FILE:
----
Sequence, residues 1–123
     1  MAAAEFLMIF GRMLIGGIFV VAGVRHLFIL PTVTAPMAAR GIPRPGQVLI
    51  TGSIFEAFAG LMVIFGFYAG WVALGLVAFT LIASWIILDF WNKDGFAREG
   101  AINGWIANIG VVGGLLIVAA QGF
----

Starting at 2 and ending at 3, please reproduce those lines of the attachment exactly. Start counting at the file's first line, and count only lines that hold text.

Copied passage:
     1  MAAAEFLMIF GRMLIGGIFV VAGVRHLFIL PTVTAPMAAR GIPRPGQVLI
    51  TGSIFEAFAG LMVIFGFYAG WVALGLVAFT LIASWIILDF WNKDGFAREG